My iPhone home screen

Back in August one of my favorite podcasters, Casey Liss, had his iPad home screen featured on MacSparky and I realized lots of people (tech celebs and pros) have had their iPhone and/or iPad home screens featured on either MacSparky or another site called The Sweet Setup.

I recently refactored my iPhone into a single home screen, and I’m quite proud of it, so I thought I’d show it off and hopefully introduce you to a few apps you’ve never heard of and may find useful.

My iPhone home screen
My iPhone home screen

The Single Screen

As I mentioned, I recently refactored to a single screen setup. I have everything roughly grouped into categories: reading on the top row, productivity on the second row, photography and entertainment on the middle row, web and social media on the fourth row, local and money on the bottom row. I keep my most-used apps in each of these categories out on the home screen, and the rest in folders.

Since a year ago with iOS 7, you can now keep an unlimited number of apps in folders. Many of my folders are three pages long and at least one is four pages long. The most used apps in each folder are on the first page of the folder, and my long tail of lesser-used apps is tucked away deep inside these folders. When I’m looking for one of these long-tail apps, I typically pull down Spotlight and launch it that way rather than go digging.

Having everything on the first page may seem cluttered, but it actually means fewer taps of the home button to get all the way back out. When I come out of an app that is in a folder, I can tap one more time to get to my home screen, whereas, if I were in a second- or third-screen folder, I might have to hit the home button two more times to get to the first screen. I’m nothing if not efficient (read: lazy).

The Apps

Apps I couldn’t live without: Kindle (books), Logos (Bible), OmniFocus (getting things done), and Overcast (podcasts).

Apps I love: ComiXology (comicbooks), Dark Sky (weather), Instapaper (read later service), Picturelife (cloud photo storage), Reeder (feed reader), Simple (banking), Soulver (calculator), Textastic (web development), and Tweetbot (Twitter client).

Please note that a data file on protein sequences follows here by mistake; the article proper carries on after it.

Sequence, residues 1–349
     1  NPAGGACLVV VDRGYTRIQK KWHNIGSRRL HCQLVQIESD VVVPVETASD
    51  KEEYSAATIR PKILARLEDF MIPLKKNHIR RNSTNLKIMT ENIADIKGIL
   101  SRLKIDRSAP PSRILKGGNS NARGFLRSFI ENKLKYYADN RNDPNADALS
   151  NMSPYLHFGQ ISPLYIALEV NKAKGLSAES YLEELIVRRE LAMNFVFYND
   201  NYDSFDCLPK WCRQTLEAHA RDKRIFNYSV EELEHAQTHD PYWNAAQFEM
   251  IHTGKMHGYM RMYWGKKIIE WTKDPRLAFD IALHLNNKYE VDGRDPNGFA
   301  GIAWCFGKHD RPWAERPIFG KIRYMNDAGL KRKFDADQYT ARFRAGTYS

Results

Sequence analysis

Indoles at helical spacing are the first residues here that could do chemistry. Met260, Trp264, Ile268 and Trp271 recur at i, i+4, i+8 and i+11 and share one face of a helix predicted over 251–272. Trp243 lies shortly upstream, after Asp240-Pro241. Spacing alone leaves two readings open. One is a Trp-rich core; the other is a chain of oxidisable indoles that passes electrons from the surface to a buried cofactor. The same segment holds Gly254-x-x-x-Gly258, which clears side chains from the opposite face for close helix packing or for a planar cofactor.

Questions about any other icons you see in the screenshot? Know an awesome app I’m missing? Drop me a line on Twitter or Facebook or toss in a comment below. 

My temporary setup: AT&T GoPhone + iPad + Google Voice

You may have seen a Tweet from me mentioning that the backlight on my iPhone 3G finally kicked the bucket. I used it for two weeks and couldn’t stand it anymore, so I started thinking about alternatives.

I’ve got an old Motorola AT&T GoPhone I bought back when I was doing a lot of biking and needed an expendable backup phone, but I hate using it for two reasons: (1) it doesn’t have any of my contacts, and (2) I hate texting with the tiny numeric keypad. However, it dawned on me yesterday that I haven’t even been using my phone for most of my texting in the last several weeks. More often than not I’ve used the excellent free Google Voice service on my recently-mobile-data-plan-enabled iPad. It further dawned on me that I can do almost everything I do with my phone on my iPad instead, except for actually making and receiving calls.

So, I’ve dusted off that old GoPhone and swapped my SIM card in there. When I need to make a call now, I bring up Google Voice on my iPad, click Call, choose the contact, and instruct Google Voice to ring my cell phone. It’s actually a great little setup and I’m sure it will serve me fine until Apple finally decides to release iPhone 5. 

My only iPhone 5 prediction

As should be patently obvious, this prediction is not based on any inside information.

I’ve read some rumors to the effect that the next iPhone will be half an inch wider and half an inch taller than iPhone 4. I’m trying to imagine how Apple could increase the size of the screen without compromising their much touted Retina display. Apple’s always bragged about iPhone 4’s display being greater than 300 dpi, which is supposedly some kind of sweet spot where the human eye can no longer perceive individual pixels. Setting aside the possible dubiousness of that claim, it’s inescapable that increasing the screen size by a half inch on each side without also increasing the resolution would decrease the dpi to around 280 (by my very rough calculations) and basically ruin their whole marketing shtick.

So here’s my totally half-baked prediction: iPhone 5 will have a 720p HD display in order to preserve the 300+ dpi on a larger display. I imagine this will ruffle the feathers of a few iPhone app developers who’ve had to work over the past year to redesign their apps for 960×640, since now they’ll have to turn around and redesign for 1080×720, but wouldn’t it be a fantastic blow to all the competing handset makers who seem to be standardizing around qHD?